August 8, 1929

This morning we spend in the Liechtenstein gallery, one of the finest private collections of art treasures in Europe. There are some interesting bronzes and porcelains in addition to the pictures and all displayed to excellent advantage. Then we visit beautiful St. Stephen’s cathedral and see the lovely monument by Canova to Maria Theresa in the Augustin church.

At 12 noon we go to the Hoher Market to see the Ankeruhr, an interesting piece of mechanism, 12 figures passing in slow review upholding the hours while an organ plays classic music. Each is a character important in the history or culture of the country beginning with Marcus Aurelius, Karl der Grosse, Herzog Leopold von Babenberg with his consort Theodora, Walter von der Vogelweide, Rudolf von Hapsburg 1st of that line, the mater architect Puchsbaum builder of St. Stephens, Kaiser Maximilian, Burgmeister Johann Liebenberg, Graf Rudiger von Starhemberg, Prince Eugene of Savoy, Empress Maria Theresa with her consort Franz von Lothringen and las the musician Josef Haydn. With each comes a different descriptive tune. Tonight, we hear the operette “Rosenaus Florida.” Most everyone seems to have lunch with them.


August 9, 1929

We spend several hours in the glorious Art-History museum, one of the richest in old masters I have yet seen. It has also a large collection of tapestries, jewels, ivories, and other objets d’art. We have lunch at a typical old Viennese restaurant with low vaulted ceilings near the statue of Lieber Augustin, noted for its good Pilsner. This afternoon we see the wonderful old coaches at Schonbrunn, including the monumental coronation equipage with panels painted by Rubens and all heavily encrusted with gold leaf. Also, sedan chairs and sleigh used by Maria Theresa. The latter she insisted upon using even in summer when she had salt poured on the roads so it would slide. Also, the tiny pony drawn carriages that were l’Aiglon’s. Next we visit zoological gardens where the bird collection is most interesting.


Thanks for reading “Traveling with Grace,” a series where we’re sharing (and annotating) posts from the travel diaries of Grace Amelia Hecht, native Baltimorean, b. 1897 and d. 1955. As mentioned in my introductory post transcription errors sometimes occur and I’ve made my best guesses where possible, denoted by [brackets]. – Rachel Kassman, marketing manager


 

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Travels with Grace: Merano

Posted on June 18th, 2019 by

Welcome to this week’s segment of our 2019 #TravelTuesday series: Traveling with Grace. Today Grace spends some time in the Tyrol region of northern Italy during the summer of 1929.


July 28, 1929

1940 botanical postcard, edelweiss in Switzerland. Via.

Sunday. We leave St. Moritz in brilliant sunshine at 9:45 a.m. and travel for one hour on the little electric railway as far as Zernez making frequent stops en route. The proprietor gave mother and me each a box of fine chocolates on leaving. At the latter place we board a motor diligence, run by the government and ride over the Ofenpass, through the National park, a virgin and rugged territory where habitations are rare. At noon we stop for an hour at the first hotel, Il Fuorn. Then continuing our journey, we enjoy many lovely mountain vistas, look down into deep gorges through which rapid streams flow, the lower slopes are aglow with a variety of wildflowers, never have I seen such big daisies both yellow and white. Once we stop at a little inn to deliver some mail, for this is a post-diligence, and the proprietress gives us a lovely bunch of edelweiss which now decorates my hat.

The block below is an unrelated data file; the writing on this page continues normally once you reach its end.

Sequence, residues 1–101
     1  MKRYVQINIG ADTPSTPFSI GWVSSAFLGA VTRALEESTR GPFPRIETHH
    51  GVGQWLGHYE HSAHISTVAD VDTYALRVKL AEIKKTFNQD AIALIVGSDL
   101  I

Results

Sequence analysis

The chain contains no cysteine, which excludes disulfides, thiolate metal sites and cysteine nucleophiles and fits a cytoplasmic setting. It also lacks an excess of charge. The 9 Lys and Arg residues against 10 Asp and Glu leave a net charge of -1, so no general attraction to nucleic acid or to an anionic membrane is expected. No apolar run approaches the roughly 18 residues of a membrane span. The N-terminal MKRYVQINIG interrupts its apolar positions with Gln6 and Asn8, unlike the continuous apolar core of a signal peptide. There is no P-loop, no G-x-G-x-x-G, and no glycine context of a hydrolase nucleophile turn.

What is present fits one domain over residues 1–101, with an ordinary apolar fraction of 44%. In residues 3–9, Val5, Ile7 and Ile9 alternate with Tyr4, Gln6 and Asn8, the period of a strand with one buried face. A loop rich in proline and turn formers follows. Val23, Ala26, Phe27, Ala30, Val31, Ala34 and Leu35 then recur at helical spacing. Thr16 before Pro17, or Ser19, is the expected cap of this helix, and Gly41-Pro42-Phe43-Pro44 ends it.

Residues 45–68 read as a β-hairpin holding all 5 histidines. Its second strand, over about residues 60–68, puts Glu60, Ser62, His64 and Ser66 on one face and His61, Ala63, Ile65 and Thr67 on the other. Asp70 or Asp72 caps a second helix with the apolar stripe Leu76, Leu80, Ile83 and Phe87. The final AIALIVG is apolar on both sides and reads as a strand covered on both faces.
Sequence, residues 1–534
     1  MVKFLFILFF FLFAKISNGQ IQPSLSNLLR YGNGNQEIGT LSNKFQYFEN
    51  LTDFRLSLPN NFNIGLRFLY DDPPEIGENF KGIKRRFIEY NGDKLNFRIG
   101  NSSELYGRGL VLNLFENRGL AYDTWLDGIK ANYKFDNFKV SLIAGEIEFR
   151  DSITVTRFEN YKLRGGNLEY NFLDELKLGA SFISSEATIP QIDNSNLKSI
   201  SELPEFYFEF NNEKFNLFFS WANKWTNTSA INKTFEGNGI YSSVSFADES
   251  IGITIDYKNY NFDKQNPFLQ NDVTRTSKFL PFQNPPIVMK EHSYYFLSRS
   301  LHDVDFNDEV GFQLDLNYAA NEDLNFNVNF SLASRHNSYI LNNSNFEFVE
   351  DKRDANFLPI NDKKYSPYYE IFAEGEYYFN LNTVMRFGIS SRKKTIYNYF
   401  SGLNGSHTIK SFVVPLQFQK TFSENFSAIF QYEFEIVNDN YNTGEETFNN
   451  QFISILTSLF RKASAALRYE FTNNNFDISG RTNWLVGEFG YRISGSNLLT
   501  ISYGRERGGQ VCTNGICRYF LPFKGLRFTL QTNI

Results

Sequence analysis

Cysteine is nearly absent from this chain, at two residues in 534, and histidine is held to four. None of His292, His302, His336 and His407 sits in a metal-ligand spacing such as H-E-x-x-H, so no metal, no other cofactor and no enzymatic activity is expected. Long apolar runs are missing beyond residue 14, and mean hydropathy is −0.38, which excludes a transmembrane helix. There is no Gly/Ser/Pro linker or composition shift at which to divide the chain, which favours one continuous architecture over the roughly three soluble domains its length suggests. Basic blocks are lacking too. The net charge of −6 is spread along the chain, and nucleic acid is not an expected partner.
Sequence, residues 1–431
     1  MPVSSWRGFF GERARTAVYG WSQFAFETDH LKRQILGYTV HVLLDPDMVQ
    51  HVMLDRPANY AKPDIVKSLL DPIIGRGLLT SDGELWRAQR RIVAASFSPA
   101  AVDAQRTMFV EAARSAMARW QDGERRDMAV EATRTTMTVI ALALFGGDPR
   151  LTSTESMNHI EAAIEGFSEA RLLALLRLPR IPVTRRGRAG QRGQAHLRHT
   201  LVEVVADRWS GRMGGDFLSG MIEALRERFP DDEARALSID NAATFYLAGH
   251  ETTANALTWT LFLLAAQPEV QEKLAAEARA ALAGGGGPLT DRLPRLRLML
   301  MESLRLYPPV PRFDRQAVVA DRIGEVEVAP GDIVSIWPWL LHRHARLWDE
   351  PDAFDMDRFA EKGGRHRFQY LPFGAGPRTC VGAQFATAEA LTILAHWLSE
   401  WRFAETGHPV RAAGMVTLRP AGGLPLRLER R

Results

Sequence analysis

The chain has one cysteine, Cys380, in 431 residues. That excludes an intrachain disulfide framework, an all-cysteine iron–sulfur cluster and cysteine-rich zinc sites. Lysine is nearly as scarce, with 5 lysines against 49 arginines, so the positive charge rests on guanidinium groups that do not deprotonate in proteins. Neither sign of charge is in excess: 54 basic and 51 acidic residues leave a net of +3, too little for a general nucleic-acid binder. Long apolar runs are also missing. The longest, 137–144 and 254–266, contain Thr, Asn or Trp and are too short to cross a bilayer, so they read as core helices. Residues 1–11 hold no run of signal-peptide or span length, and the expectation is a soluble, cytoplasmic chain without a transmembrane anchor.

Antique print, Chamois, 1836. Via.

In the shallow bed of a river we see some chamoix which have come down to drink as the sun is unusually hot today. When we reach the top of the pass – over 2000 meters high – we look out over the high peaks and see the snowy crest of the Ortler in the distance, the big, best and whitest of all, 3902 meters. We stop at the little villages of Cierfs, Fuldera, Valcava, and Santa Maria, all seem so remote and ancient, the diligence being the only link to connect them with the outer world. At Munster we change into another car and begin to descend into the Tyrol region of Italy. Gradually the character of the mountains changes. They grow less steep and rugged, more verdant and intensely cultivated. Vineyards appear on the slops and little squares of yellow and light green stand out as though illuminated against the dark background of trees. At 5 p.m. we arrive in Merano and locate at the beautiful Palace Hotel – palatially furnished – where the balconies of our rooms open on a lovely park. Adjoining is an old castle.

Luggage Label, Palace Hotel, Merano, 1935. Via.


July 29, 1929

Vintage travel poster, Merano, 1930. Via.

Monday. We take a carriage this afternoon and ride through the old town, very quant and interesting, the shops fronted by a low-ceilinged arcade with painted gothic arches, stenciled and painted roofs bearing the various trademarks of the shop keepers. The streets are narrow and winding and at the intersection one looks out to the mountains which hem in the town on all sides. We ride up through the newer portions of the town where there are many picturesque and even elegant villas and pensions laid out in charming gardens. Vineyards abound everywhere and there are many pear and apple trees. Merano has a fine Kurhaus, numerous parks and promenades for the public, a pretty theater. We ride out through Ober – and Unter-Maria all very quaint and Teutonic looking. The signs are always printed in Italian but most of the names are German and one can easily distinguish the German from the Italian merchandise in the shops. We see several old castles, abandoned and partly in ruins, perched high I the hills.

Vintage postcard, Merano. Via.